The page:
Photon recycling: The secret to high-efficiency perovskite solar cells
- Scientists from TU Dresden, in cooperation with researchers at Seoul National University (SNU) and Korea University (KU), demonstrated the role of the re-use of photons (called 'photon recycling') and also light scattering effects in perovskite solar cells, supplying a pathway towards high-efficiency solar energy conversion. The study has been published in Science Developments.
Steel halide perovskites are receiving excellent attention as next-generation semiconductors for solar energy conversion. Because the very first demo of 3.8 percent efficiency in 2009, performances have increased quickly and also state-of-the-art perovskite solar cells exhibit high efficiencies over 25 percent, close to the document effectiveness of silicon photovoltaics. This quick growth throughout the last decade raises the concern of whether perovskite solar cells will have the ability to get to the top (thermodynamic) limitation of photovoltaic or pv performance, which is known to be 34 percent in single-junction semiconductors. To approach this objective, it is theoretically known that the solar cell has to not only be an excellent light absorber, yet likewise be a great light emitter.
The scientists from the Dresden Integrated Center for Applied Physics as well as Photonic Materials (IAPP) at the TU Dresden noted the role of the photon recycling impact. When a photon is emitted inside re-absorbing semiconductors such as perovskites, it can be re-absorbed by the emitter itself as well as generate a brand-new photon through photoluminescence. Such a process of recursively re-absorbing and also re-emitting the photons is called photon recycling. While this sensation has been previously demonstrated by a number of research groups, its useful contribution to the performance of perovskite solar cells has been under extensive dispute. Based upon the devices prepared by the teams in SNU and also KU, the IAPP scientists uncovered that photon recycling and also light scattering effects substantially improve the light exhaust performance by a factor of ~ 5, considerably boosting the photovoltage of perovskite solar cells.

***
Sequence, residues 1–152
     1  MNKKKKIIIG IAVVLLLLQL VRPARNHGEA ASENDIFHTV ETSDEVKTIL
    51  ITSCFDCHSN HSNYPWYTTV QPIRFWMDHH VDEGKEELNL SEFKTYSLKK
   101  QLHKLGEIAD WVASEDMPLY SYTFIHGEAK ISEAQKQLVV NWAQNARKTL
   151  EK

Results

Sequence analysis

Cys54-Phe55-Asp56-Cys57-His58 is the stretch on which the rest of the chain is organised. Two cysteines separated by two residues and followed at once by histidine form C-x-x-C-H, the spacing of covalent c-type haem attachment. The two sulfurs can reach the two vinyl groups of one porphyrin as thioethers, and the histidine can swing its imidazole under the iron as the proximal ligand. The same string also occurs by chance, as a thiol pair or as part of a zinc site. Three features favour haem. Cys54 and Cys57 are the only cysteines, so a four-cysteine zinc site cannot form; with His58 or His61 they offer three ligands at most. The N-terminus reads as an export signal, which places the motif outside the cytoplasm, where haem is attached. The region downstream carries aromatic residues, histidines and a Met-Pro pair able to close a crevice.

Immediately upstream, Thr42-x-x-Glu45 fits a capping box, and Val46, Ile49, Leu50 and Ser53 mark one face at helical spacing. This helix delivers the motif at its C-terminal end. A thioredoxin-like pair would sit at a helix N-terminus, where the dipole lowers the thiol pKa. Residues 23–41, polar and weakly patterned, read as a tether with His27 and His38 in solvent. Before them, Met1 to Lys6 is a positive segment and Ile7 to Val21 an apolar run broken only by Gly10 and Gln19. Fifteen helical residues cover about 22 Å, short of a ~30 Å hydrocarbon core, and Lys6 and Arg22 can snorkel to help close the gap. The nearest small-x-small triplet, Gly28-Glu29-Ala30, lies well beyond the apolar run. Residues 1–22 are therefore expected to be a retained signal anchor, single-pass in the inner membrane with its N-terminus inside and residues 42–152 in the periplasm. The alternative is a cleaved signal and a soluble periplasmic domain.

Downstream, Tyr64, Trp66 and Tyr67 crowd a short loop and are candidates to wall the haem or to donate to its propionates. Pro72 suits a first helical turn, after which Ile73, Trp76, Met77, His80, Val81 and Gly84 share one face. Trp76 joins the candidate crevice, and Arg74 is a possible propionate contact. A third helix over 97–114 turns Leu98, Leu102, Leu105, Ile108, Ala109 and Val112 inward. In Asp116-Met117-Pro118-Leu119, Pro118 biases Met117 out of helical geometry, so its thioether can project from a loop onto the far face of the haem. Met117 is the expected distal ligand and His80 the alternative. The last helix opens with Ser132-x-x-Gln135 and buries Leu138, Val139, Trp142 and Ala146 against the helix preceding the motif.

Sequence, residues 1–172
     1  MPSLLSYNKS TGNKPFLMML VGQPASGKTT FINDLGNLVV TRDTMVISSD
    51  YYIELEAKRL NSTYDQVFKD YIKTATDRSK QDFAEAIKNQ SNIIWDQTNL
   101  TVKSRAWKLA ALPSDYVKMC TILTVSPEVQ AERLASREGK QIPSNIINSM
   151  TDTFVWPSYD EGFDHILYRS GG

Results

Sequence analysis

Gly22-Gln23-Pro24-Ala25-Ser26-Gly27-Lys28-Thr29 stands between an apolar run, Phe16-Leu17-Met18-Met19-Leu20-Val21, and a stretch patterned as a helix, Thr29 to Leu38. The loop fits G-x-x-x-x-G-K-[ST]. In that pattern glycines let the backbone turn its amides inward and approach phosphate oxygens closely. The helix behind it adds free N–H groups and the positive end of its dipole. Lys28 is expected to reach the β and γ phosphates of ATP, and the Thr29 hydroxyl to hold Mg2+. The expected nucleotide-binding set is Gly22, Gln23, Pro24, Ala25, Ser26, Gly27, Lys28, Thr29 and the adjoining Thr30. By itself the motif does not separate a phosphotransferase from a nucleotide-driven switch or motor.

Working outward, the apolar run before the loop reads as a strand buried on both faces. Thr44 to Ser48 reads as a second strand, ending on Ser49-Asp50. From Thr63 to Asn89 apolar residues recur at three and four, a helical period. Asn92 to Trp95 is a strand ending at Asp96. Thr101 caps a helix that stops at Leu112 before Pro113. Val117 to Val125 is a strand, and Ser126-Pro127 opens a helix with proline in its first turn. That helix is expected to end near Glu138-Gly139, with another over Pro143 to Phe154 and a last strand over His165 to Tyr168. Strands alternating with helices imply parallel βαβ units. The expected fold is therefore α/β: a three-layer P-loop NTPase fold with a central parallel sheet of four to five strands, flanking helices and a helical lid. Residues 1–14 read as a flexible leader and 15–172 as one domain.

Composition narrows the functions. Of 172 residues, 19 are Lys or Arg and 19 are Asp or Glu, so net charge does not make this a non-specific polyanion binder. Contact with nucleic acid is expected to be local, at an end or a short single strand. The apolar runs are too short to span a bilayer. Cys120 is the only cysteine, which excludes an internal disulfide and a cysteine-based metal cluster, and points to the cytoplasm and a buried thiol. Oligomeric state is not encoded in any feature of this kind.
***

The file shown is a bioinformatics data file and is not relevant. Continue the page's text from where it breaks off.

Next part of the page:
Their work exposes the useful benefits of photon recycling in perovskite solar cells. "Perovskites are currently great absorbers. Currently it's time to improve their light-emitting ability, to even additional enhance their currently high power conversion efficiencies," claims Dr. Changsoon Cho, that led the work as a Humboldt study fellow at IAPP. "Understanding photon recycling is a crucial step in the direction of this direction." The work anticipates that the payment of photon recycling, along with the reductions of numerous optoelectrical losses, will cause a further increase in efficiency in the future. Using photon recycling, the upper limit for the performance of the perovskite solar cells is shown to increase from 29.2 percent to 31.3 percent.
"With the fundamental understandings pertaining to the role of photon recycling at hand, we have a distinct possibility to additionally boost the perovskite solar cell effectiveness, hence offering this innovation ever before brighter leads to compete with the well-established silicon-based photovoltaics," adds Prof. Yana Vaynzof, Chair of Emerging Electronic Technologies at the Institute of Applied Physics and the Center for Advancing Electronics Dresden (cfaed). Indeed, the renovations in the potential of perovskite solar cells motivate to additional seek the commercialization of this technology. "Our study reveals the potential of the technology, but a lot more effort in r & d is needed before the innovation can go into mass production," says Prof. Karl Leo, head of the IAPP as well as European Innovator Award champion.
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